black cotton unisex wrap skirt

This sewing pattern comes in sizes 32 – 42. The tutorial included comes with a drafting tutorial just in case you need a larger or smaller size. When making a skirt for him, make sure to double-check the length!

Our wrap skirt is best made with non-elastic fabrics, such as cotton. For an everyday look, cotton lined with anything slippery works best. For the model skirt, I chose black cotton and a beige lining silk in order to add a bit of colour to the dark style. Feel free to use patterned fabrics and delisciously colourful lining materials for a fun, unique look!

When making a reversible skirt, make sure to pick fabrics that have a smooth finish. I recommend two layers of satin or taffeta for a reversible skirt. Materials with a rough surface, such as cotton, tend to stick to tights. To make the skirt as comfortable as possible, steer clear of anything clingy when creating a reversible look!

Choosing different materials alters the appearance of this style drastically. Cotton and twill make a stiffer skirt, satin and taffeta fall softer. For a light summer skirt, you can make the skirt without lining, and use viscose jersey. You can even use leather for this style, be it real or faux. I dug up a few fabrics on Amazon which I like. All of these materials are a bit narrower than the cotton I used, so if you do go for these, remember to calculate how much you’ll need! Also, if you order through these link, I might earn a little extra.

First is the Skull and Roses fabric by Timeless Treasures. I love-love-love this print and it would look fabulous paired with red lining!
Timeless Treasures Skulls & Roses Black Fabric By The Yard

The second one I fell for is Under a Spell by Wilmington Prints. The tan tones make this witchy fabric just perfect.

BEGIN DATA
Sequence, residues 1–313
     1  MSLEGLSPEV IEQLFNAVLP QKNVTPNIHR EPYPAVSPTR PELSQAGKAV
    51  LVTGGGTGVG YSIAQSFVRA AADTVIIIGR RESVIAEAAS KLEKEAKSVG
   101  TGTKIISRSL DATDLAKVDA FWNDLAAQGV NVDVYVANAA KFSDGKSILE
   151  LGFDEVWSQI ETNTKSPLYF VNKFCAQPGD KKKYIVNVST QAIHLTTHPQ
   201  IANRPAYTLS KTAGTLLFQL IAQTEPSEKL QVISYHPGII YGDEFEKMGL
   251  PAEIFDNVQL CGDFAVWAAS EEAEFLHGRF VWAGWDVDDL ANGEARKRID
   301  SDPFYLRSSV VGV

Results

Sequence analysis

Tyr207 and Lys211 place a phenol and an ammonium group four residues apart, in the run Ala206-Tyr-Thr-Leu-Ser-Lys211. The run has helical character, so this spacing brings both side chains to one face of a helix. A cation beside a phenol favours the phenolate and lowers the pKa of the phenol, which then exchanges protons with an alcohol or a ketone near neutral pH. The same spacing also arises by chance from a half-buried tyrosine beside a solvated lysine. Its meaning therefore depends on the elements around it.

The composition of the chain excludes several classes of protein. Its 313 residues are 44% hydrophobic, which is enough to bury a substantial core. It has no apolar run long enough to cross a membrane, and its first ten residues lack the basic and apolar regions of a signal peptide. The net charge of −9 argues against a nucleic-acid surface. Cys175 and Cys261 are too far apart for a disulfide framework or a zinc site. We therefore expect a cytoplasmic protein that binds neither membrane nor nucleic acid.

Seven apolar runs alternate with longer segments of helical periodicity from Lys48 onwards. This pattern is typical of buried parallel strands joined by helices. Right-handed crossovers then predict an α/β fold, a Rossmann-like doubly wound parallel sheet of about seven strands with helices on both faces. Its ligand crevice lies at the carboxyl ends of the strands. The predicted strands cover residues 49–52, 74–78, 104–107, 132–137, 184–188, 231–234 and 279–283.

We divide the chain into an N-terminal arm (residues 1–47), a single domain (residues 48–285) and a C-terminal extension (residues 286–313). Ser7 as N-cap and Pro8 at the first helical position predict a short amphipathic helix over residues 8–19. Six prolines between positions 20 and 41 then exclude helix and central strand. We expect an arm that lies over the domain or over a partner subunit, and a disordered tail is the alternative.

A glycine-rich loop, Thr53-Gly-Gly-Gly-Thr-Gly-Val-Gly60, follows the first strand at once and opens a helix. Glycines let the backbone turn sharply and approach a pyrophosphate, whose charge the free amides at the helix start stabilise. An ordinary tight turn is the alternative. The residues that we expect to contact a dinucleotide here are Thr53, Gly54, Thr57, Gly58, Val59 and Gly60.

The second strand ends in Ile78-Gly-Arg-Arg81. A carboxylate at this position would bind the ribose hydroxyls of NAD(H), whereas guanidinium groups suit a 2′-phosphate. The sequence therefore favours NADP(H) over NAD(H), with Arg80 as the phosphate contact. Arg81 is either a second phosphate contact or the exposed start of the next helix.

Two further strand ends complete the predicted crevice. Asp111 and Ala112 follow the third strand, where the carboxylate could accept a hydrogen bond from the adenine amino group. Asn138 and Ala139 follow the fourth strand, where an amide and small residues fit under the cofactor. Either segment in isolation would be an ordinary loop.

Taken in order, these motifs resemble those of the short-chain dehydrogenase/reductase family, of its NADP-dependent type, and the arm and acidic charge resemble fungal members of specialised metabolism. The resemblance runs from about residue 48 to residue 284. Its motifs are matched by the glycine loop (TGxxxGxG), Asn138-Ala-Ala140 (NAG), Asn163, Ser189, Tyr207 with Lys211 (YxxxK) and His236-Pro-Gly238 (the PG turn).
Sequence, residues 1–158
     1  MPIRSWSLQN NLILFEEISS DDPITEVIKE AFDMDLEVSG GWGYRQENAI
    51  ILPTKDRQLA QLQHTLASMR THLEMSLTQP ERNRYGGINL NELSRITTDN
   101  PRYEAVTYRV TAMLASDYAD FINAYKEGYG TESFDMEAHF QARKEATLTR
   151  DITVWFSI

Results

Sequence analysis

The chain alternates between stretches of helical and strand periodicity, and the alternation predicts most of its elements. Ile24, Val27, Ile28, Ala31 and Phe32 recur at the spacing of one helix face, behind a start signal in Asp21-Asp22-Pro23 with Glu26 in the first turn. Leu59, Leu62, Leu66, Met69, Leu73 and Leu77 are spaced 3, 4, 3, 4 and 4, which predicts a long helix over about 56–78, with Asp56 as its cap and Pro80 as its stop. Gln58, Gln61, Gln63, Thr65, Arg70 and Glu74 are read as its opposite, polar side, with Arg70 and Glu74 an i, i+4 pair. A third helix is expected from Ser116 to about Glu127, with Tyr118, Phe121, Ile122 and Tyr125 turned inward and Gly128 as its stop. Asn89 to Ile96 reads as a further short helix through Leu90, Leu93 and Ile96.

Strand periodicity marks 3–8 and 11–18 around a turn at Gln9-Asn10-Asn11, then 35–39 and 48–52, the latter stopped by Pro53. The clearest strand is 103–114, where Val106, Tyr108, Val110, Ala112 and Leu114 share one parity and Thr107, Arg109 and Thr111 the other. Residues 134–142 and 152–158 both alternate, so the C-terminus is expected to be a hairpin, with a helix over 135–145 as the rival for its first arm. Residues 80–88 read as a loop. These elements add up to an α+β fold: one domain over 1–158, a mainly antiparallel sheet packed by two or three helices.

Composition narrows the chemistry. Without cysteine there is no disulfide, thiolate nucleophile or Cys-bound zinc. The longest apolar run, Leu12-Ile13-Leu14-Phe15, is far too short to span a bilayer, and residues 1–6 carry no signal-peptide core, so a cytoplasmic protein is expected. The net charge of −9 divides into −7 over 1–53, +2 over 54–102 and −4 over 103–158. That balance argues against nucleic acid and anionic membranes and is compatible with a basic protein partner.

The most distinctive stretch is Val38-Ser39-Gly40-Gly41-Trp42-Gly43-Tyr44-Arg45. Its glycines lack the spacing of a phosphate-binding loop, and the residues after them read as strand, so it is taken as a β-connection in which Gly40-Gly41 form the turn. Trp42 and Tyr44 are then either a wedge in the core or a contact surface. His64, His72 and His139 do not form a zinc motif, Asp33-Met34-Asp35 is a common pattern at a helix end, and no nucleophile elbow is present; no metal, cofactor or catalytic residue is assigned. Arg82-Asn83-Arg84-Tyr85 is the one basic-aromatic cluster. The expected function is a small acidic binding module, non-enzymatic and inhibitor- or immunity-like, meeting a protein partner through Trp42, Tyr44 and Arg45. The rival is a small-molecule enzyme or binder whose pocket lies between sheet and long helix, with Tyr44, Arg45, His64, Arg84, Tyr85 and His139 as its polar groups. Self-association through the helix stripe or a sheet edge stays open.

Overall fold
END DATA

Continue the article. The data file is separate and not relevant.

Under a Spell Large Allover Tan Fabric By The Yard

The last one is a skull print cotton sold by Minerva Crafts in the UK. I’ve been eyeing this fabric on eBay for a while now, and though it would work wonderfully for our wrap skirt, I might sew it into a dress instead. if I were to order some as a Christmas prez for myself.
Gothic Skulls Print Cotton Poplin Fabric White on Black – per metre

Adding embellishments, such as pockets and D-ring details, adds attitude to this basic wrap skirt. Use your imagination, and play with the pattern to make the finished garment totally yours. Fashion is all about having fun, and this pattern offers the change for just that.

I hope you’ll enjoy our unisex Wrap Skirt Sewing Pattern!

Until next Wednesday.



black cotton wrap skirt with beige lining

Bondage-Inspired Mermaid Skirt

Mermaid skirts are easily associated to formal parties. The figure-flattering shape can work as a part of an everyday wardrobe as well. Our Mermaid Skirt Sewing Pattern is designed to be just that: a comfortable, stunning piece that works wonders on a weekday.

The Mermaid Skirt is designed for elastic materials. I made the model skirt with a pinstripe gabardine that has loads of stretch. The fabric is meant for pants, so it has a lot of elasticity which makes it comfortable to wear. With skin-tight garments this is an extremely important point. A skirt like this can feel absolutely horrible if made with the wrong material!

Mermaid Skirt

The Mermaid Skirt features bondage-inspired details. I wanted it to have a Gothic feel, but in a sophisticated way. A flattering shape gives the skirt a feminine, ladylike silhouette, while subtle details make it totally bad ass.

Our bondage-inspired Mermaid Skirt features a lacing at the back of the knees, embellished pockets, and shaped waist band. With an option to decorate the skirt with D-rings, the style is versatile and cute in the dark sense of the word. The long, widening hem is trumpet-shaped. This style can be made into a knee-length pencil skirt as well. With a figure-hugging shape, this skirt is designed to flatter an hourglass figure.

The Mermaid Skirt has sewn on pockets. The pockets are naturally entirely optional, but they add an interesting detail to the bondage-flavoured skirt. With a lacing on them, the pockets repeat the detail at the back of the knees, tying the design together. With D-rings, the skirt has a unique, Gothic-inspired look.

Bondage-inspired mermaid skirt pocket detail

For the model skirt, I used pinstripe-patterned gabardine. Aligning stripes was quite challenging: with curved seams, this skirt demands a lot from patterned fabrics. Luckily, gabardines come in a variety of delicious shades of black. And possibly brighter colors as well.

Though the pattern comes with a selection of details, feel free to add more to the skirt. With bondage-flavored garments, there can never be too many embellishments. Try a sewn-on lacing to the thigh, or add chains and belts to the hem. With things like this, only your imaginations sets limits.

Mermaid Skirt with bondage-details